Smart Growth

Community Events Help Us Think about Issues in New Ways

Community Events Help Us Think about Issues in New Ways

Peter Krebs stands with a sheet of community responses.

One of my favorite things about being a community planner is going to events and having conversations with people in informal settings, close to where they live. These gatherings tend to be a lot of fun. For example, the one I just went to had a vegan-hotdog-tasting station!

Community events are also great places to hear from residents about their everyday experiences. People are in good spirits and they have many great ideas, perspectives and inspiration. They force me to reevaluate my assumptions, which leaders and planners ought to do — and do so regularly. 

This past Saturday, I had the pleasure of tabling at the third annual Healthy Streets Healthy People gathering in Booker T. Washington Park in Charlottesville, organized by our partners at the Move2Health Equity Coalition. I especially love this event because the theme aligns perfectly with my own professional focus, many attendees share my passion and it’s in a beautiful park.

Although I’m working on many projects and issues, I like to keep things simple when I’m meeting with the public. People are busy, and if they are kind enough to gift me with their time, I owe it to them to be concise. So I only had one key question that I asked everyone, which seemed like a fair exchange for me stamping their bingo card. Of course this often led to follow-up and extended dialogue, which was intentional. And I had other materials for people who were curious or wanted to go deeper.

I gave everyone the following prompt: “Here we are at the healthy streets fair; what makes a healthy street?” If clarification was needed, my follow up was, “What characteristics would make the street a place that boosts you up, rather than bringing you down?” Almost everyone had immediate ideas to share and had actually given the idea some thought. Most ideas were familiar (and on point) and some made me think about my work in new ways.

Some common topics included safety, stress reduction and inclusivity. Each of these contains a world of nuance. For example, sidewalk safety might mean not getting hit by a car while walking along it or trying to cross a street. It might mean knowing that assistance is always available without being harassed by other people or by law enforcement. It could mean being able to negotiate the space without falling or being injured. Or not getting shot. And on and on; each idea merits a voluminous discussion of its own.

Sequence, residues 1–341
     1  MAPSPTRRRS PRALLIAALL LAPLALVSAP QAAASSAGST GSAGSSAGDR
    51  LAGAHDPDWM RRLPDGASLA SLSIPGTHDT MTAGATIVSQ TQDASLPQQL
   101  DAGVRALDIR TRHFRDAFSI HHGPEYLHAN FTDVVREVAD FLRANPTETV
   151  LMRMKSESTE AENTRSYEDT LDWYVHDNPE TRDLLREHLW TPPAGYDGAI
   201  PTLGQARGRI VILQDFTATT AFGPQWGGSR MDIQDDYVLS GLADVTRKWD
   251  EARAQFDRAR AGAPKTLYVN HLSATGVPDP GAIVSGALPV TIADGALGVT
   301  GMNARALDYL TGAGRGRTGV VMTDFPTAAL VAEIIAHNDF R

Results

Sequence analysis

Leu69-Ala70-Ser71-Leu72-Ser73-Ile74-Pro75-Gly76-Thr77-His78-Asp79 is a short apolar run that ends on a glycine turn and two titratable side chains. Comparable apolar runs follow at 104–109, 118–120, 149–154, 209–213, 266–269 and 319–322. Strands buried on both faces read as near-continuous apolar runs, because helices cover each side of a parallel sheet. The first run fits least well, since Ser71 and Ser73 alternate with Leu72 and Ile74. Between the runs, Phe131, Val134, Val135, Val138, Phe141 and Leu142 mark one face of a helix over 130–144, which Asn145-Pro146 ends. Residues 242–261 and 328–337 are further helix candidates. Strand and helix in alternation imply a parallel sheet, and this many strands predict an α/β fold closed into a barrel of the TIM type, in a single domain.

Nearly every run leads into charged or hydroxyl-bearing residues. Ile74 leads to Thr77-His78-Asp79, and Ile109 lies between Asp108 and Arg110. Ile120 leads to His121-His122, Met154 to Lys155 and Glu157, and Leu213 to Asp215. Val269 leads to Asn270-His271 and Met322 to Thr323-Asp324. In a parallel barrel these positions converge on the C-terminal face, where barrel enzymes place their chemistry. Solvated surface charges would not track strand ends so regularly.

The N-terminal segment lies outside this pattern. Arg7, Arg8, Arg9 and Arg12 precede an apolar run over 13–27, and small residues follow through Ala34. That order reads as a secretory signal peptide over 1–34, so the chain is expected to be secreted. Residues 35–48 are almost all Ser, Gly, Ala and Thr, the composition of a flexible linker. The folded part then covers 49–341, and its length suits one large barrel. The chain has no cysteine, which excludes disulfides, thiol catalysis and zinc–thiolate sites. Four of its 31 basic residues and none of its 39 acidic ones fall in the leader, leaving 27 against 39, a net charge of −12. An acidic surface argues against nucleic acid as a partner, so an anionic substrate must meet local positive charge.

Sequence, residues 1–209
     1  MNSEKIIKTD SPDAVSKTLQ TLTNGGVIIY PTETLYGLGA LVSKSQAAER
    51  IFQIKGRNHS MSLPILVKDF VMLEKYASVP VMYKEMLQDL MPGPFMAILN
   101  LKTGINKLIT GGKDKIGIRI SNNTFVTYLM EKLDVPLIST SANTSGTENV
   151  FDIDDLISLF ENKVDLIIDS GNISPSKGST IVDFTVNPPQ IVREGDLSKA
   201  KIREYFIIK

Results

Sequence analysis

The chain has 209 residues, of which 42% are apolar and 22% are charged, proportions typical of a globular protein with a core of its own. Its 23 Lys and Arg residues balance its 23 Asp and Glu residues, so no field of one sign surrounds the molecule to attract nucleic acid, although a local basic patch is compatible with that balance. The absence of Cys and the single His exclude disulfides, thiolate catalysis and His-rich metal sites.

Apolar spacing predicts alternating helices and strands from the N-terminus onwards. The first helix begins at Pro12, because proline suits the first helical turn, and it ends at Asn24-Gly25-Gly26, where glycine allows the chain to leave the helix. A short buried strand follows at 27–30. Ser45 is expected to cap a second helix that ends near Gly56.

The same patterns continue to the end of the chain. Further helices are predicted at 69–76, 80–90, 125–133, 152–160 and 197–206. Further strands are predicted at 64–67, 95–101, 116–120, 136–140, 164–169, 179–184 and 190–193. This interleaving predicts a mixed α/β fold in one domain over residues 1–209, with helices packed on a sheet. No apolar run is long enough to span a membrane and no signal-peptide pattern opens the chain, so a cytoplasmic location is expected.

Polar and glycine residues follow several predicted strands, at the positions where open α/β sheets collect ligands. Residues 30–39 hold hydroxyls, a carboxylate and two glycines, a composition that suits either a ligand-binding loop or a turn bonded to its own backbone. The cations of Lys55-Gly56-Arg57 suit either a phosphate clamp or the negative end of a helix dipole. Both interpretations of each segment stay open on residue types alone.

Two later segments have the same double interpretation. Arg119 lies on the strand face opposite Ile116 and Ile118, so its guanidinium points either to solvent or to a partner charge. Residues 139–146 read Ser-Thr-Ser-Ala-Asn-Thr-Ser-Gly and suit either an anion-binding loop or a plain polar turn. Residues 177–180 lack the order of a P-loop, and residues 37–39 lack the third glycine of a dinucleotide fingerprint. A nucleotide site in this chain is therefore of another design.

One conversation really stood out to me as an interesting framing, with implications far beyond the street. A woman told me that her spouse is a bus driver, who often complains that pedestrians who are focused on their phones often do foolish things for lack of attention to their surroundings. Note that she was not blaming potential victims of traffic violence: we all agree that those behind the wheel have a greater responsibility and that distracted driving is a public health challenge on par with drunk driving.

But she was asking why we can’t have an urban realm with enough appeal to be so interesting in itself that people wouldn’t feel the need to pull out their devices. That is a worthy question with implications about how we attend to one another, our spaces and ourselves.

It also gave other suggestions I heard (e.g. street art, trivia questions on little signs, foodshop windows, other people, conviviality, etc) new texture. Our conversation passed beyond the street through other spaces including classes and living rooms, which is to be expected at a health fair. But our public spaces have an important role to play.

It would be interesting for me to write a follow-up in which I compare these responses to what I learned at the same gathering two years ago when I asked attendees, “What makes a successful park?”

I entered the field of urban planning in hopes of creating a mutually-reinforcing triad of creativity, community engagement and practices that promote public health and well-being. Here was validation and a reminder that the work is urgent and anything but boring. Plantings, tiny libraries, street art and the like are not trivialities: they could save some lives.

Residents possess a wisdom that inspires good work and prevents costly or harmful mistakes. But we need to actually listen, which is not always easy. Conversations like this one, and the many others I had on that  afternoon, are also fuel. They provide energy to go forward and they provide the ingredients necessary to solve the complex problems we face.

Peter Krebs is the Community Advocacy Manager for the Piedmont Environmental Council. His work focuses on promoting walkable, bikeable, livable communities in Charlottesville and Albemarle County, Virginia. He can be reached at